Wednesday, November 12, 2014

Ernie Glup "Fliling the Void"

Ernie Glup has had a Burt County hunting operation for over 37 years.  I first met Ernie and his brother Jerry while hunting at Kohler's.  Ernie purchases a sizable farm, of the beloved Tekamah bottom, Prime Tiger S*** Gumbo.  He was in the land leveling business and got busy building a hunting lake, on this farm.    
Ernie's hunting club, is made up with members and several, local hunting friends.  Ernie, has had many of his member, for years on end.  As time does to you, as the older one retired or passed on, there were other that was eager to join his club.  Ernie took a couple of Ralph long time members even tho, he was exceeding his maximum numbers of member he wants.   For this we have to thank him for his efforts, of "Filling The Void".  
Ernie has always been successful, killing his share of ducks, and Canada geese.  The operation consist, of three long heated blinds, built on the order of the Kohler blind, but much longer.  Think they total up to something like, 68 feet, of seats. The area around Ernie operation Is flat, and once the corn is out, you can see the birds coming for miles, not many sneak in on him.  Of course there are the bluff that are along, both side of the Missouri River, these lie, to the west, just a few miles of his lake.  I understand that the Canada migration path actually, comes over these hill or bluffs, just north west of his lake and not following the river as we would expect. They seam to be very vulnerable to spreads of decoys and calls, after leaving the rough land of these bluffs.  You look toward the river a couple three miles to the east.  This area is all, open big flat fields in all direction.  An ideal arrangement for waterfowl hunting.
Then I asked Ernie, how is he handling the personal side of, filling the void, of Ralph retiring.  After a long pause he got to the root of, what all of us, will and are missing.  It was Ralph that taught us all, not only how to hunt, that is a given, but much more important,  Ralph taught us how to love all creatures, that not only fly, but walk on this earth.  Ernie then asked, "Do you think we would appreciate the spider migration if he had not shown it to us. The monarch butterfly, the Hawks, the Eagles, and all the migrating, creatures we see setting in a blind".  Ernie got my mind working, right there I knew I had my story for this page, of Filling The Void.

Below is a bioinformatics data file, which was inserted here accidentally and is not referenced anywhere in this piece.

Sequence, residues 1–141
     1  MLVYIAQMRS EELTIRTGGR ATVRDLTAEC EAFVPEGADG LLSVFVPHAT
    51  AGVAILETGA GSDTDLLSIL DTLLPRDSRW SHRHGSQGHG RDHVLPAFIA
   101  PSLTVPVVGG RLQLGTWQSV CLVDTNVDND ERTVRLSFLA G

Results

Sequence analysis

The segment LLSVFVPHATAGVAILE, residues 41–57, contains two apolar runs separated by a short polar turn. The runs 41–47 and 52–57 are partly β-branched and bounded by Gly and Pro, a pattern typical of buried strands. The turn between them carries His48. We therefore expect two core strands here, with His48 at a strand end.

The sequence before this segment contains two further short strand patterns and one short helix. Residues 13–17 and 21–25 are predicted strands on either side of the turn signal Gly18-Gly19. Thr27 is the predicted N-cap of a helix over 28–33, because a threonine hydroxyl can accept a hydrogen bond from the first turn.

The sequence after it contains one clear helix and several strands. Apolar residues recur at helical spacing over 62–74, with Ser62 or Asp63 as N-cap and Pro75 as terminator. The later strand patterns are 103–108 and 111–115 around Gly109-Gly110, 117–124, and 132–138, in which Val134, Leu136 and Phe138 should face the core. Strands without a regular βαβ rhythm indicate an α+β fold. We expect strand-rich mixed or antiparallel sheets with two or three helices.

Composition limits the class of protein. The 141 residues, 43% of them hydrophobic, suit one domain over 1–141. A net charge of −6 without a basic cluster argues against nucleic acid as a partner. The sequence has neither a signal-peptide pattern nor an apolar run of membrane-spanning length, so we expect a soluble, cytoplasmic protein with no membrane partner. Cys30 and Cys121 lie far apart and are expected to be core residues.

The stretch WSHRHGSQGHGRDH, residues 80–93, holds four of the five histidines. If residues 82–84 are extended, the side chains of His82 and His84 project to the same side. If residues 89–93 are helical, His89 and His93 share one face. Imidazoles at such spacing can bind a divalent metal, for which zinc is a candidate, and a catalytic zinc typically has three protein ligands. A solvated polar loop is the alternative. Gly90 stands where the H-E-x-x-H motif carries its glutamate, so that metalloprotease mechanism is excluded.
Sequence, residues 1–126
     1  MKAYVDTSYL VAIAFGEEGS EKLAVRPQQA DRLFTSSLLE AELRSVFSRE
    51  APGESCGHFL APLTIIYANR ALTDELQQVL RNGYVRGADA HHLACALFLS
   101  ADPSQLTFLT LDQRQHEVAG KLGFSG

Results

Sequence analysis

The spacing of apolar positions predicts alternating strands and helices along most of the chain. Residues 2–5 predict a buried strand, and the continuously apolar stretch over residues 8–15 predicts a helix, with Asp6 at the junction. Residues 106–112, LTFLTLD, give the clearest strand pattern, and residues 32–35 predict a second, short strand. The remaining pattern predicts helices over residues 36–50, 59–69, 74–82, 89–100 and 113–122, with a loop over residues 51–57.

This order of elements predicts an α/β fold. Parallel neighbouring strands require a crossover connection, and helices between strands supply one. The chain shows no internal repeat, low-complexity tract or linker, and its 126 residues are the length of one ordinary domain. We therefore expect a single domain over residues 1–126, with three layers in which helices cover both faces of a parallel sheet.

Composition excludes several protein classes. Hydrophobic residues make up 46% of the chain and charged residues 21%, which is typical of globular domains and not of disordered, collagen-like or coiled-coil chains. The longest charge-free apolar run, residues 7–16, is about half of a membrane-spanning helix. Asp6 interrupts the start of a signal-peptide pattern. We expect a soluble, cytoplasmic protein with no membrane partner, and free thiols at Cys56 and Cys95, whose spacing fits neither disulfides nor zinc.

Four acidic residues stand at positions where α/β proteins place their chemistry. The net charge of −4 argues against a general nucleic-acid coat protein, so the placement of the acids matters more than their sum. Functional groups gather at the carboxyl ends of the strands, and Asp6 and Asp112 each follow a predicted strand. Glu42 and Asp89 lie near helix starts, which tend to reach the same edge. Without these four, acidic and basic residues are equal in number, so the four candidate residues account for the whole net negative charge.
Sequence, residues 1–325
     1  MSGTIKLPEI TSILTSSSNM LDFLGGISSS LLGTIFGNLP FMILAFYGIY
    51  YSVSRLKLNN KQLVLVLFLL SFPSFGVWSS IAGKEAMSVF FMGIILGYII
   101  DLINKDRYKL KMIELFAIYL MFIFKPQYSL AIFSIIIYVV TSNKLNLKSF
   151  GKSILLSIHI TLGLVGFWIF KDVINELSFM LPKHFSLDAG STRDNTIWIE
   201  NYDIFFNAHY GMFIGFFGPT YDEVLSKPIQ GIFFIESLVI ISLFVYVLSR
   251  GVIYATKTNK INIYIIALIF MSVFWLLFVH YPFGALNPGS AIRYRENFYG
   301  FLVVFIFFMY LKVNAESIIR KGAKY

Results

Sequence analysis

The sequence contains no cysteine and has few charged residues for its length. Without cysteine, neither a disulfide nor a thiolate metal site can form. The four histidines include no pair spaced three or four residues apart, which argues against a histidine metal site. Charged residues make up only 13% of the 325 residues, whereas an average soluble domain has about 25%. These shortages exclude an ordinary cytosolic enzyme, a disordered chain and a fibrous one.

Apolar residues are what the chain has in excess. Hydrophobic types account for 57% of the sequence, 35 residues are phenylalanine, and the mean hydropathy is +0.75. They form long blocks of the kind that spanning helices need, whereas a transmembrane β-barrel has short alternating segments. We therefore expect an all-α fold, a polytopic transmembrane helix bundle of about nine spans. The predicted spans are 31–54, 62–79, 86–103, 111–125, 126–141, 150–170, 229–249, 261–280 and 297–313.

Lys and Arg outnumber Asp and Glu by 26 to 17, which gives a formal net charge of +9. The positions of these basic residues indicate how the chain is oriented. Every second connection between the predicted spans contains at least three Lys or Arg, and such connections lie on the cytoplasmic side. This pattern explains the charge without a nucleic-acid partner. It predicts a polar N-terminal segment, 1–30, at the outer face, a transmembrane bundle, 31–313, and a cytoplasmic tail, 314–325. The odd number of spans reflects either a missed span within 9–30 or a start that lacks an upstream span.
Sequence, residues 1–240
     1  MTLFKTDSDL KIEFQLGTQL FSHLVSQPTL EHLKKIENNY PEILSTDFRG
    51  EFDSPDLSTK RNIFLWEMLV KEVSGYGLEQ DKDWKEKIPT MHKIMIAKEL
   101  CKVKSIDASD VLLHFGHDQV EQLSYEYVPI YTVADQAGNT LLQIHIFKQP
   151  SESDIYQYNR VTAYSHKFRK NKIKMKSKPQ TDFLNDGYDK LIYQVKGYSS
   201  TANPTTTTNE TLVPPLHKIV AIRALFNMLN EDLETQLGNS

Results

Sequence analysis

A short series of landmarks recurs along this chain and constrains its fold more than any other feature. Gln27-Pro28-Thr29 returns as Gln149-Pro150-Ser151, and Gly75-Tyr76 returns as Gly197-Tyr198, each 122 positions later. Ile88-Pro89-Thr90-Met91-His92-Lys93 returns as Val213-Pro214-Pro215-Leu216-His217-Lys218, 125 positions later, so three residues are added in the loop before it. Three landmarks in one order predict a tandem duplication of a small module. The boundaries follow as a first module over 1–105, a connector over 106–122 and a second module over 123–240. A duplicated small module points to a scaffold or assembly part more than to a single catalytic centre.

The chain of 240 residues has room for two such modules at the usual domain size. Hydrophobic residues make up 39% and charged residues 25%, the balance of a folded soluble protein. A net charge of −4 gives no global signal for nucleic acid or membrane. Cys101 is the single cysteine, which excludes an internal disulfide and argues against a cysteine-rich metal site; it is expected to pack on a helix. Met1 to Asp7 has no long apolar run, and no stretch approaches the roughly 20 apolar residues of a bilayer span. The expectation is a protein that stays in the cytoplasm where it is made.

This past fall I wrote in this blog, about the huge groups of Hawks we were witnessing, migrating that even Ralph had never witness before.  I would have to do research to name the type of Hawks, there were two different species that it could be.  One we are located on the very eastern edge, the other we are just a few miles west of their normal migrating path.  The wind can shift their path by many miles, very easy.  But nothing passed Ralph eye.  For most of one day we watched as flocks after flock, from 40 to 150 birds, and maybe even bigger, were circling inside of what we had to assume, was an up draft, gaining altitude, then dive to the next updraft, to repeat the same process.  Very little pumping of their wings.  No effort to make their way to their wintering grounds.  You could see  one to five flock at any time, most of the day by, looking up and down the bottom.  As Ernie, suggested, we would not have seen and loved this if not for Ralph's nature class.  We learned some of these events, were a few days long and some were just hours longs.
As I reread what I have just wrote, I am forced to point out, YES, there is a Spider migration.  Check it out.  It happens every year.  They ride the warm north winds, early in the fall, using ball of web to carry them, up and south.  Most of you have seen it but let it slip by with out investigating it. You just didn't have Ralph to inform you of what you were looking at. Yes he left a void there, but also some skilled eyes, eager hearts to look and enjoy, for the rest of our days. 
This has went long enough, so remember tonight as you prepare for you night of rest to include the troops in your prayers.  
Thank you, and see ya.     Carl                    

Sent from my iPad


Ann Riddledom said...

I remember my time at when we went to Canada. We had to write our research paper on hawks. It was fun when guys tried to catch them:)

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